Quintessentially Eames

“What works good is better than what looks good, because what works good lasts,” Ray Eames once said. In true Eames fashion, Eames Turned Stool does all three.

Ray at work with Eames Stool models in May 1960.

Ray Eames took a particular interest in the stool.
© 2023 Eames Office, LLC. All rights reserved.

Charles and Ray Eames designed what was originally called Eames Walnut Stool in 1960 as part of an overall design scheme for three lobbies in the newly constructed Time-Life Building at Rockefeller Center in New York—a commission done at the request of Henry Luce, then the chair of Time-Life. Ray took a particular interest in the diminutive but significant piece, which the Eames Office says was inspired by an African stool that stands in the living room of the Eames House in Los Angeles, one of many objects the couple had collected while traveling.

The design is quintessentially Eamesian in its systems approach. The ends are standard across all versions of the stool, while the midsection of each pedestal features a unique arrangement of curves and angles. The Eames Office originally proposed a number of shapes; Herman Miller commercialized three of them in 1960, alongside the Eames Executive Chair, a padded leather swivel chair that became known as the Time-Life Chair. In 2023, Herman Miller introduced a fourth Eames shape and renamed the stool Eames Turned Stool—a nod to the woodturning process used in manufacturing it.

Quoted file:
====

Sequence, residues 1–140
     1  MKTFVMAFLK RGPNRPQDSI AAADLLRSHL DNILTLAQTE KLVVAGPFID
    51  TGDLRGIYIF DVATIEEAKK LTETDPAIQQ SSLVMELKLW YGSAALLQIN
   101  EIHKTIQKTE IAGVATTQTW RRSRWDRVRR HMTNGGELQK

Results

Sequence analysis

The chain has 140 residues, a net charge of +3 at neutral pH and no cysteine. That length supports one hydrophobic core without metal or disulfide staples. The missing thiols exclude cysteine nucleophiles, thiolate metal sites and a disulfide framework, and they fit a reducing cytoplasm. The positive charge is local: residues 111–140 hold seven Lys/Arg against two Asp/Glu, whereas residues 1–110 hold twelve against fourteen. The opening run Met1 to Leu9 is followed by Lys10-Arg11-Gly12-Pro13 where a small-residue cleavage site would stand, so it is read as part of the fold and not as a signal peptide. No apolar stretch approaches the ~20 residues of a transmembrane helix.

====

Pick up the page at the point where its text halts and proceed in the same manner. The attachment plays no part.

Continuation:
Eames Stools rendered in plasticine were among the items on Ray’s worktable in May 1960.

The Eames Office used clay models to experiment with different shapes for what they called the “occasional stool.”
© 2023 Eames Office, LLC. All rights reserved.

Sketch of an Eames Stool, by Charles and Ray Eames.

One of several shapes the Eames Office envisioned for the stool.

“The role of the designer is that of a very good, thoughtful host, anticipating the needs of his guests.”

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Product Designers Ray and Charles Eames